Accept payments in ways that suit you and your customer
Not surprisingly, the easier you make it for your customers to pay you, the faster you’ll get paid. You can offer several options, from cash or cheque and internet banking transfers to online payment services. In this chapter, we’ll show you the options for accepting payments.
Getting paid in cash or by cheque
Paying in cash or by cheque still suits some customers, but it does mean a trip to the bank and a bit of a delay before the payment is deposited.
Unless you’re disciplined about recording the invoice as paid straight away, it’s easy to lose track of who’s paid. If your bank doesn’t reliably enter the reference details you supply into their system, you may be none the wiser when you check your bank statement or bank feed. It’s incredibly frustrating to see a payment on your statement with no way to identify who it came from.
Receiving payment by internet banking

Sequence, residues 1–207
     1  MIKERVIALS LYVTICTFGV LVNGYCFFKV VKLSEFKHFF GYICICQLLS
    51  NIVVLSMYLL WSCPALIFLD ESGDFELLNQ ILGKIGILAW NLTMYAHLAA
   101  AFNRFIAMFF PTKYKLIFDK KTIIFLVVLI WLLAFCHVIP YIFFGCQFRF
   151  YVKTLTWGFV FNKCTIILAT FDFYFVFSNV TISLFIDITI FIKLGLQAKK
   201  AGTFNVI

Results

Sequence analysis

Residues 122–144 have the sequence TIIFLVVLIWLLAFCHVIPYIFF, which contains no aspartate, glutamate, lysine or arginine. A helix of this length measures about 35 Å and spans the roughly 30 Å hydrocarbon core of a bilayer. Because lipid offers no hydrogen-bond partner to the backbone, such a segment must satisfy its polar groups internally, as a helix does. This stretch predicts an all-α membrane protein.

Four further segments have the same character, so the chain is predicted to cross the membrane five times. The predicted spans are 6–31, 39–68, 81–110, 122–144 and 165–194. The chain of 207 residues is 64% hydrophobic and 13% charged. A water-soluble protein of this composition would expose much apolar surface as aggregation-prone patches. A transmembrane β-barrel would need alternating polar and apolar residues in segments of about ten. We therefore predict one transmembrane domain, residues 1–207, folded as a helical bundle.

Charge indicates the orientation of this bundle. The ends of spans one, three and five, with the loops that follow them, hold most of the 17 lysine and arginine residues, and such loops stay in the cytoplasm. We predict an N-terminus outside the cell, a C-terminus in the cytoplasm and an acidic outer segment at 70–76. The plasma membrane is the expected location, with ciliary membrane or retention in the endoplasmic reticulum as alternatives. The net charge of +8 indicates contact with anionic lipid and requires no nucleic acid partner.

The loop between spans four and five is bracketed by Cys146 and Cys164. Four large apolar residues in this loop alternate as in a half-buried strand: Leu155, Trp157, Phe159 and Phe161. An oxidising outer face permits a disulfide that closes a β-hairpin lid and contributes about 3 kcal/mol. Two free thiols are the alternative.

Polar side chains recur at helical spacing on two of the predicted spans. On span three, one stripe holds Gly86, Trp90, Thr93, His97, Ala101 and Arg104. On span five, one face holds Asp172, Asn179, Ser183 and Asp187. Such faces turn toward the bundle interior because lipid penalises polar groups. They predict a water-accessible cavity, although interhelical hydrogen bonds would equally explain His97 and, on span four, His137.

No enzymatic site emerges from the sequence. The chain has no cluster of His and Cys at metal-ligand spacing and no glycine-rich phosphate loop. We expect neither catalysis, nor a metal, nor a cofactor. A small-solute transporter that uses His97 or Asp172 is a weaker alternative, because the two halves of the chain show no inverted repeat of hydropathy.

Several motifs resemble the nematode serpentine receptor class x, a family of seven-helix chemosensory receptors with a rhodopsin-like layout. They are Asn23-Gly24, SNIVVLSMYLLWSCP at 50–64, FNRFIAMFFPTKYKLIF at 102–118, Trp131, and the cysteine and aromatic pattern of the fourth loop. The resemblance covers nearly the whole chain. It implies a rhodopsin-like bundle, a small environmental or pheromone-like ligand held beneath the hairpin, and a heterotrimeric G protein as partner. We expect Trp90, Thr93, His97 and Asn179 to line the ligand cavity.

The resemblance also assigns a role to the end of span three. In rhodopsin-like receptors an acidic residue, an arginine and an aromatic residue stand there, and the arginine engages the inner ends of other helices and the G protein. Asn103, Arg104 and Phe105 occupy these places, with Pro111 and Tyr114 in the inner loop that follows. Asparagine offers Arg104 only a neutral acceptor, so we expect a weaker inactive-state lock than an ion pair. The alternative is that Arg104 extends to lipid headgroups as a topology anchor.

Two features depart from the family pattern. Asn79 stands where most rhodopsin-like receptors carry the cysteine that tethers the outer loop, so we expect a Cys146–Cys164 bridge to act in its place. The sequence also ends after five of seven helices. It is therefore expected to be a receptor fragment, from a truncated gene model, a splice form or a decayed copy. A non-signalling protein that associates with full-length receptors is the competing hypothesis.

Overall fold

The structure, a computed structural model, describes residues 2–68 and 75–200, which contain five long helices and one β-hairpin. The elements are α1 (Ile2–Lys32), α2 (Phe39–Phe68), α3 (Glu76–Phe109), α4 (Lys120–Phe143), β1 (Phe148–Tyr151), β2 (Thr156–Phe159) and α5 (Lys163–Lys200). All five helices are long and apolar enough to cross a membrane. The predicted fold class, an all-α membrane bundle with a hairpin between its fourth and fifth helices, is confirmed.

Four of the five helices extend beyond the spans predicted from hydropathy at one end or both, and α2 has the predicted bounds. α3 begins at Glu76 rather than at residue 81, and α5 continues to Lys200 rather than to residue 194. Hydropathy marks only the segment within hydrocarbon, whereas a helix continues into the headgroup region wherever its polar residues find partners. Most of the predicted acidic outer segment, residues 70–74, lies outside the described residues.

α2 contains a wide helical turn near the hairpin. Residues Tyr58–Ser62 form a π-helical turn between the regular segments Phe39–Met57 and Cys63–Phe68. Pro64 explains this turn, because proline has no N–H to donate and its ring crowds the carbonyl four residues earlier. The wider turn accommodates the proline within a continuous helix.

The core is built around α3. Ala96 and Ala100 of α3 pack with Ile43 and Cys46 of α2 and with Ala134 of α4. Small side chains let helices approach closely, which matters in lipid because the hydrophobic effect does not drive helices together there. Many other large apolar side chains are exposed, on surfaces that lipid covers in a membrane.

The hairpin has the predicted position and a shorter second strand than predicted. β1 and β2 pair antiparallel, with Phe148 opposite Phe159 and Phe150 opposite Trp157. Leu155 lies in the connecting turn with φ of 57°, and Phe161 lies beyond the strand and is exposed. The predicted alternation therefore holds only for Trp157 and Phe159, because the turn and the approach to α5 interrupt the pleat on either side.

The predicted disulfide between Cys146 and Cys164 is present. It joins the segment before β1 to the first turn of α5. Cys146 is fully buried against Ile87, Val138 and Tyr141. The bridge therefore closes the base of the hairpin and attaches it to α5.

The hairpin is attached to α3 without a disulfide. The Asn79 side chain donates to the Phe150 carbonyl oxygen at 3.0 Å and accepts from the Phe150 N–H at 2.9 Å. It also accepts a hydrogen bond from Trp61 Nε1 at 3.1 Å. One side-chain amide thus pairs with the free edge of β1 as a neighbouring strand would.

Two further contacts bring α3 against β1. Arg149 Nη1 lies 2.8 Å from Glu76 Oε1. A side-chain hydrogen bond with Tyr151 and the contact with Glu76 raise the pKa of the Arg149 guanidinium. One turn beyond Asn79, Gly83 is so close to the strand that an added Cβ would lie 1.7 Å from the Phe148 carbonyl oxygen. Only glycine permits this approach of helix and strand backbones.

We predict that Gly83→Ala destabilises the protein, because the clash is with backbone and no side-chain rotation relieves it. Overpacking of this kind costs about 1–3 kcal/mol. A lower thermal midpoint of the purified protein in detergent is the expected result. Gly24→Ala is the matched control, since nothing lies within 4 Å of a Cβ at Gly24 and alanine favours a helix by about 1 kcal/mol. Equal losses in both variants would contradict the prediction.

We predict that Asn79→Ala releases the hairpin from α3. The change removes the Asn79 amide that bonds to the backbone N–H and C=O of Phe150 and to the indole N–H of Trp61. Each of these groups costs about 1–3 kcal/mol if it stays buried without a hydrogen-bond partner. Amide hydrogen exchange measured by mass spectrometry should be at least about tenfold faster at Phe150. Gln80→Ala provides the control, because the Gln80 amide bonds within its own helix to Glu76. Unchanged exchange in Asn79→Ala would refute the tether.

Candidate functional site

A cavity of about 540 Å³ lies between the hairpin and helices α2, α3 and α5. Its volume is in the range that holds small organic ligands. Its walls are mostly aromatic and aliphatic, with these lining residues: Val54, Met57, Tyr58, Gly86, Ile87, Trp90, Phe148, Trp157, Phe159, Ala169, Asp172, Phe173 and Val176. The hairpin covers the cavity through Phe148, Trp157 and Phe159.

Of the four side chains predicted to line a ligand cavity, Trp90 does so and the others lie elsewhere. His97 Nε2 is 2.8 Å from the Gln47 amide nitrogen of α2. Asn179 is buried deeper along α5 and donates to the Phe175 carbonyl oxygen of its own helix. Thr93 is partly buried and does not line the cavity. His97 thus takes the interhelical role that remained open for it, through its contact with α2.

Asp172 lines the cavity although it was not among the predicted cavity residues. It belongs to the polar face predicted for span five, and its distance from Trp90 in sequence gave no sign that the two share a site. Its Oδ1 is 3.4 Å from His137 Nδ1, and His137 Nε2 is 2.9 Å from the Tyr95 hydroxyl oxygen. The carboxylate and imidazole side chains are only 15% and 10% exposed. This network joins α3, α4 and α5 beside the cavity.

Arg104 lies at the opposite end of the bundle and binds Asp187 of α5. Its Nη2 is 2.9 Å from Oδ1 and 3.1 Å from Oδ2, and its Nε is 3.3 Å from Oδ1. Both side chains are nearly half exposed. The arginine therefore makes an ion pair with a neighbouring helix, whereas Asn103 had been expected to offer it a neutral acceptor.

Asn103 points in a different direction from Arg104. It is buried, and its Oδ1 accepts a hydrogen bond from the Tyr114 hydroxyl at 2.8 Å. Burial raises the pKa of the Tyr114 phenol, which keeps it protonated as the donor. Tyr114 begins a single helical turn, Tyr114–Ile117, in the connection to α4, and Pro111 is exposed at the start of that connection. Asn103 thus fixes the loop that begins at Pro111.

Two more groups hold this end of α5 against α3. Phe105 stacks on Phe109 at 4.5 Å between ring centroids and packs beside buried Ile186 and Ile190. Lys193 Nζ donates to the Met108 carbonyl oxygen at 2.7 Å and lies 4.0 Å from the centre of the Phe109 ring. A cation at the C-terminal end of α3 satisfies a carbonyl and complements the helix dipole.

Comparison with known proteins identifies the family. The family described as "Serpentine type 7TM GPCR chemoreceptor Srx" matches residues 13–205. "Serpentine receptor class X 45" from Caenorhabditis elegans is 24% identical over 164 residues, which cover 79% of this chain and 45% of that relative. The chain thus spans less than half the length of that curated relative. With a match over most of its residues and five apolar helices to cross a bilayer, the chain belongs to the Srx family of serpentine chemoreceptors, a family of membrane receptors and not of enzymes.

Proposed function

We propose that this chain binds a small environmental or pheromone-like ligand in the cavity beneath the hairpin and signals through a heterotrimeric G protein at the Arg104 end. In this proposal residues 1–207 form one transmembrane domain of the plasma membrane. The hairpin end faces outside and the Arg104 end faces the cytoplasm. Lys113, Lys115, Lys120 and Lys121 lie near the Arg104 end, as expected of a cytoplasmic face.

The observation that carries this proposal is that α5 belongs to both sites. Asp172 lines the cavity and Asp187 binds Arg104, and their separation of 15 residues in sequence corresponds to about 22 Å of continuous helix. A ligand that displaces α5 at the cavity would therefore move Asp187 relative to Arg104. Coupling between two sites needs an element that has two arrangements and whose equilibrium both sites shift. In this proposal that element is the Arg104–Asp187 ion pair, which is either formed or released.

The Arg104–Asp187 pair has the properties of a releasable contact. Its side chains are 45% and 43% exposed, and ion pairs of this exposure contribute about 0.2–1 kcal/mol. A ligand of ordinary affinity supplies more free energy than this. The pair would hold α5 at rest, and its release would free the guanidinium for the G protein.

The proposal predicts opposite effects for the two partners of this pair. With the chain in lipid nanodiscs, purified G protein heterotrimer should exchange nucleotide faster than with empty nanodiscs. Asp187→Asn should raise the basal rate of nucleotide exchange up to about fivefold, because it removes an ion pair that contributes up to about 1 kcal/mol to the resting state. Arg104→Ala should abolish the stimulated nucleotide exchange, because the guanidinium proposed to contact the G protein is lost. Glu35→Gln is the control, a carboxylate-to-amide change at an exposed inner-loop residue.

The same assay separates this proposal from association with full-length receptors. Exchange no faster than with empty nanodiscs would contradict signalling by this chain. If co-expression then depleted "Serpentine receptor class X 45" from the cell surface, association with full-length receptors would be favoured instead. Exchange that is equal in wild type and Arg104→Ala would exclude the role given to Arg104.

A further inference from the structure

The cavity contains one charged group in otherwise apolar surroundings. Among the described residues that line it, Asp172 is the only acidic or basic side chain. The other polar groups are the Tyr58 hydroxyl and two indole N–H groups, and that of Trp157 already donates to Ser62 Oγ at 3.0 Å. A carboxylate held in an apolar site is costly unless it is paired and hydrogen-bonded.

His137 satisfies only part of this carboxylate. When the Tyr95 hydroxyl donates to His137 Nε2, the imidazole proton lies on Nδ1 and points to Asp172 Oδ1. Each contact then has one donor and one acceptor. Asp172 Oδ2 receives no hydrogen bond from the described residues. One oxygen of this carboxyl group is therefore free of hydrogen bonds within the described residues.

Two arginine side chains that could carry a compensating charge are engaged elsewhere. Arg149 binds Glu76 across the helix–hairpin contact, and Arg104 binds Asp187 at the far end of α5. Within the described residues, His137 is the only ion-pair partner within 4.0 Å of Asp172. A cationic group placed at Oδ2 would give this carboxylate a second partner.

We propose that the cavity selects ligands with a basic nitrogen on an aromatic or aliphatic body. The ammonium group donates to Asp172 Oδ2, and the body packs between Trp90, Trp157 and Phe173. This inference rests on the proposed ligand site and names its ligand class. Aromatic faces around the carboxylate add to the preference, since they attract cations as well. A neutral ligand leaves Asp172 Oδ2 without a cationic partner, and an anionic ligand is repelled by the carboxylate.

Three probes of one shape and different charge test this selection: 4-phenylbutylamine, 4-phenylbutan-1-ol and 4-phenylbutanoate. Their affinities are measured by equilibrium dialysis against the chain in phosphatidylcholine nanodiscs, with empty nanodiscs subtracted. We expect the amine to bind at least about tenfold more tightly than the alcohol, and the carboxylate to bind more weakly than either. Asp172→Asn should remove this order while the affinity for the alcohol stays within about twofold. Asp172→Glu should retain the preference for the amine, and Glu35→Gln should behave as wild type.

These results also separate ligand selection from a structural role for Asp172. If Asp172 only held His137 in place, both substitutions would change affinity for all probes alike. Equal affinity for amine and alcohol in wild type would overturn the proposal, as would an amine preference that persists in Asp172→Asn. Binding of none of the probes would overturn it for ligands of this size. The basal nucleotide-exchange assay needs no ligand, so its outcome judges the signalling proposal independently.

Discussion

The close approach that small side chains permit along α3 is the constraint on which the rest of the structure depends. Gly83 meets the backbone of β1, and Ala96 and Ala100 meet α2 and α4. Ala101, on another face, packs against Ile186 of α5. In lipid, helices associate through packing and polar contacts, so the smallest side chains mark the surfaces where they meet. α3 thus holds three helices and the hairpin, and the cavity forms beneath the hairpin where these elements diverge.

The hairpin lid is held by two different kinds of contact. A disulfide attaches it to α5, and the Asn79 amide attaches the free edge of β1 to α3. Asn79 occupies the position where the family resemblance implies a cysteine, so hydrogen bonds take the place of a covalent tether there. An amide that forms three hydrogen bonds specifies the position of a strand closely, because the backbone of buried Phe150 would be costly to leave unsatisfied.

If you provide your bank account details, customers can make a one-off or regular payment using their bank’s internet banking software. It’s convenient, but customers must be in the same country. They’ll also need to log into their online banking to enter your bank account number, the amount to pay, and reference details. So there’s room for error.
Offering online payment and pay now services
If you send online invoices that link to payment services like Stripe or GoCardless, it’s easy for your customers to pay immediately on any device. When they open the invoice, they simply click on the ‘Pay now’ button. It makes life easier for your customers, and you’re more likely to get paid faster.
Online payment services cost nothing to set up, though there’s a small fee for each transaction. But when you look at the improved cash flow, online payments make it better for you and your balance sheet.
Using invoice financing
If you need the cash and you can’t wait for customers to pay you, you could consider invoice financing. It’s faster and more flexible than taking out a loan.
Invoice financing is offered by some finance companies. They’ll typically advance you 80 percent or 90 percent of your unpaid invoices, so you get most of what’s owed to you then and there, instead of waiting for your customer to pay. And you only repay the amounts financed as and when the customer payments come in.
Invoice financing isn’t a regulated industry so you need to find a reputable provider and do your homework into the fees and other terms. It’s worth talking with your accountant first about whether invoice financing is a sensible option for you.